Asthma is a disease that affects the branches of the windpipe, known as the bronchial tubes. They are responsible for moving air from the mouth or nose into the lungs. For patients with asthma, that can be difficult at times. The airways may constrict suddenly or the lining can swell, closing off the tubes. For some people, mucus thickens, making breathing difficult.
For some patients, there is a direct correlation between allergies and asthma. Allergic asthma is a condition triggered by an allergy, usually airborne such as pollen or mold spores. Most days, people with this condition breathe fine but when exposed to a specific trigger, they have an asthma attack.
It's unclear why some individuals develop asthma. The most likely answer is a combination of environmental factors and genetics. Sensitivities like these tend to run in families but, for most people, there is certainly an environmental component at play with asthma as well. Specific triggers set off their attacks such as:
Believe it or not, not all asthma triggers are found in the air. The trigger might be hidden in food or a medicine. It might be stress or exercise that sets off the attack, too. At times, patients with mild asthma only have a problem with they get sick.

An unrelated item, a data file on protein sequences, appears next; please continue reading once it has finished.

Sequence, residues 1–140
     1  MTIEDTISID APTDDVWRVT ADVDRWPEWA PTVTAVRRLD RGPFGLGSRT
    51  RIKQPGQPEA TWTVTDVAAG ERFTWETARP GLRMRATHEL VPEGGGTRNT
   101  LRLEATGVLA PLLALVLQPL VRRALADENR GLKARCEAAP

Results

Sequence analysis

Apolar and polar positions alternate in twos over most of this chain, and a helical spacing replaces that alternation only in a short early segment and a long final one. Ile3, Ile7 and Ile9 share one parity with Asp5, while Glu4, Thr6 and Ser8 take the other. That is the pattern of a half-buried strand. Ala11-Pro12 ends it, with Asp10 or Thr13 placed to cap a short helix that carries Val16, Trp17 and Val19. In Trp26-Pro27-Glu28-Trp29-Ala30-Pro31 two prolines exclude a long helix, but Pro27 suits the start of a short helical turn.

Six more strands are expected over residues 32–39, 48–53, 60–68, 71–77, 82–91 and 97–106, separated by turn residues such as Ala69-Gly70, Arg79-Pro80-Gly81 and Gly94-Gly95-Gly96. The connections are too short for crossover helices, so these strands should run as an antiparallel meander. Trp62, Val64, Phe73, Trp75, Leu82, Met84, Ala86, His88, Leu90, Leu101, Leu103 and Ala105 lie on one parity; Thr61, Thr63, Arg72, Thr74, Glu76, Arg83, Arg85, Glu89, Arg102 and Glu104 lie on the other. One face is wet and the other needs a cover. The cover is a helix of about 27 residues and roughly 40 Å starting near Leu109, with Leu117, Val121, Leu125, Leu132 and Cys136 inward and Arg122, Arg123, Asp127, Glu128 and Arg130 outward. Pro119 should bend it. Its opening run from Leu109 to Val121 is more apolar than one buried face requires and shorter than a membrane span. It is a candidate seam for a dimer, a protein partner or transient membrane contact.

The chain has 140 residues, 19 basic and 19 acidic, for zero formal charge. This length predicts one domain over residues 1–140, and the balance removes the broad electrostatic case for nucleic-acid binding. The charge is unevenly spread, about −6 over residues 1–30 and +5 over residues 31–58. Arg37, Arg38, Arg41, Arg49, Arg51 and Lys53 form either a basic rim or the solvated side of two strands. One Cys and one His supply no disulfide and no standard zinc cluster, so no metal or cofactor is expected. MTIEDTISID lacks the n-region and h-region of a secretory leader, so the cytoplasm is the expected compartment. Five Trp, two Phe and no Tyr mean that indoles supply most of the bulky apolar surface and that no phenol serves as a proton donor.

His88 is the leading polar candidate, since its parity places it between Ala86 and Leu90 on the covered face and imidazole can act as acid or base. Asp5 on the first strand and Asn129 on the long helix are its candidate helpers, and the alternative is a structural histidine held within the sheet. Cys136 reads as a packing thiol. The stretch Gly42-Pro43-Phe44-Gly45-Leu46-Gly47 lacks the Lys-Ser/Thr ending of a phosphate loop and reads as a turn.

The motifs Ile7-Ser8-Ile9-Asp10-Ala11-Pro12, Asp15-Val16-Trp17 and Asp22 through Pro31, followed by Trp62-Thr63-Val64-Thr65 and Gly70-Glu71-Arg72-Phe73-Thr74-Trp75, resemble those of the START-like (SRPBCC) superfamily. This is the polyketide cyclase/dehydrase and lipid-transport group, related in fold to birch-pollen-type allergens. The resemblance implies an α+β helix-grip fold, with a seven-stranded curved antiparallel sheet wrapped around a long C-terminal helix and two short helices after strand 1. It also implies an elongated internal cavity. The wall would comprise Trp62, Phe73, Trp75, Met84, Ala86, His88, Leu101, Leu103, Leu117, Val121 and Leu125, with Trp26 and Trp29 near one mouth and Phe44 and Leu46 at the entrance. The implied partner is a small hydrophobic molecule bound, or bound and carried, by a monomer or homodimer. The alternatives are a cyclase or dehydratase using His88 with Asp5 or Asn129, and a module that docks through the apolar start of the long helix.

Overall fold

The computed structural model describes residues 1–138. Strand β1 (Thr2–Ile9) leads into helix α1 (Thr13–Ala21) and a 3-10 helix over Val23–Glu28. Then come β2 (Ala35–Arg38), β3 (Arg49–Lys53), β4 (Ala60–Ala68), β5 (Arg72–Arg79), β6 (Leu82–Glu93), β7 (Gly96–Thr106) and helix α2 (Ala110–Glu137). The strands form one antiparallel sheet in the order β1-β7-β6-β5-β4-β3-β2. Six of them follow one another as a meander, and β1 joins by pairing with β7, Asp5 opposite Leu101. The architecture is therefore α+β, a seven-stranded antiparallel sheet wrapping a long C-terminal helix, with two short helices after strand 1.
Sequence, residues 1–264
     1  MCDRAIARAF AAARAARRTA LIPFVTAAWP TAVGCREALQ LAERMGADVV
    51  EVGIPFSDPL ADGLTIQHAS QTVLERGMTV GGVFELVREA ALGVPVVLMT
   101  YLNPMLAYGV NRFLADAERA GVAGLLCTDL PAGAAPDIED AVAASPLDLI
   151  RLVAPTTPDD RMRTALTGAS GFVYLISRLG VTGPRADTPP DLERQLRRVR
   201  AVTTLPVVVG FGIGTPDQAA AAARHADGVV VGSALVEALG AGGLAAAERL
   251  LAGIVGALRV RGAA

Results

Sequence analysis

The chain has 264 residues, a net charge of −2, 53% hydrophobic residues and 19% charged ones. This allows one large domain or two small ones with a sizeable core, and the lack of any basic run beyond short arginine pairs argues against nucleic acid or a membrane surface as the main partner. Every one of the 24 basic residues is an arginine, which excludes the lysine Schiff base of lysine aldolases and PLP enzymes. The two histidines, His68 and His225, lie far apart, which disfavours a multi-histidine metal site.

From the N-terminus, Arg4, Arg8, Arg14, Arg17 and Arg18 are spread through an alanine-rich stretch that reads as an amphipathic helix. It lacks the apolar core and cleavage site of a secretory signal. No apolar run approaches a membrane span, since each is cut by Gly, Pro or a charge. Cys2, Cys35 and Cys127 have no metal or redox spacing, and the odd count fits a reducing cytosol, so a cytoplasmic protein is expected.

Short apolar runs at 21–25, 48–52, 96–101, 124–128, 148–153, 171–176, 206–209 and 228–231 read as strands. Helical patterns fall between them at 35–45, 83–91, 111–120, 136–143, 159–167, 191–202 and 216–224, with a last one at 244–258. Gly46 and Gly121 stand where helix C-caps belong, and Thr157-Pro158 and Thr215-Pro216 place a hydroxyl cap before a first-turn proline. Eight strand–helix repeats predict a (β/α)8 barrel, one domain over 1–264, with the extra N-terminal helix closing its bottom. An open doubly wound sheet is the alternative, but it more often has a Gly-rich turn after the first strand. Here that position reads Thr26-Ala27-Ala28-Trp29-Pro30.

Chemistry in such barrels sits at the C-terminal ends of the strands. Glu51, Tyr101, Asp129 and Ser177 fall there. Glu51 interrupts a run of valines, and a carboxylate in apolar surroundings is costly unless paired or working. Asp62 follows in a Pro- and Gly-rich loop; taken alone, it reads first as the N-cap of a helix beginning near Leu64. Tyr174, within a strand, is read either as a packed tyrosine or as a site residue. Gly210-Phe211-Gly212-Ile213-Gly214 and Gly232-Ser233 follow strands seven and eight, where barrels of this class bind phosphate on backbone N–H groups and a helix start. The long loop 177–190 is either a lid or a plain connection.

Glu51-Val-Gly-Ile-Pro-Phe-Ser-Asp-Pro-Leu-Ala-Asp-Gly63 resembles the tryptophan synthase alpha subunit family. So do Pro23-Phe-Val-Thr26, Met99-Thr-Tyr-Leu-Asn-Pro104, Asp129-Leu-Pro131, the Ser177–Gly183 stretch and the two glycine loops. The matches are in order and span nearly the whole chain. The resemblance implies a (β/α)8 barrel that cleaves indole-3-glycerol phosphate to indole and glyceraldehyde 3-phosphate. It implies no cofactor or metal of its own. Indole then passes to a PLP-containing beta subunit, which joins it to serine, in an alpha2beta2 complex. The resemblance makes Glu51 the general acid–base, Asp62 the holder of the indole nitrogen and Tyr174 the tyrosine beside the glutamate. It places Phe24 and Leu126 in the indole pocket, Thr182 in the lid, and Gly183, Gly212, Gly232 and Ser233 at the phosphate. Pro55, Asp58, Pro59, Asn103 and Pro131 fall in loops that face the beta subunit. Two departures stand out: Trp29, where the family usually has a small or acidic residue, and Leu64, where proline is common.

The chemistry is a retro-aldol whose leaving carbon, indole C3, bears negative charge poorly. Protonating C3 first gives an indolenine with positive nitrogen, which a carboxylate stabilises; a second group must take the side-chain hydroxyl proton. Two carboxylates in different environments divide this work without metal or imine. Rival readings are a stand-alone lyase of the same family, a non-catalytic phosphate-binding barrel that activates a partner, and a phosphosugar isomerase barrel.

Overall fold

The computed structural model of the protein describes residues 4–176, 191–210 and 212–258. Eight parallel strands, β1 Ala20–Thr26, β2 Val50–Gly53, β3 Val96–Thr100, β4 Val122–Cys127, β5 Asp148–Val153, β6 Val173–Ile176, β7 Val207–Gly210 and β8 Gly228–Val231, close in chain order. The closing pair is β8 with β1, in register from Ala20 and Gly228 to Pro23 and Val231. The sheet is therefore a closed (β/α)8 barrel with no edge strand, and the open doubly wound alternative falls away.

The symptoms of asthma and many allergies are very similar. Patients experience:
For people with asthma, these symptoms may be frequent or severe.
Not all allergies present as respiratory problems, although asthma-like symptoms are common. People with allergies may experience:
A severe allergic reaction can lead to life-threatening anaphylaxis and shock. You may lose consciousness or suddenly be unable to breathe. Anaphylaxis is a true medical emergency that requires immediate care.
No, not everyone with allergies has asthma. Many people with asthma, however, do suffer from allergies, as well.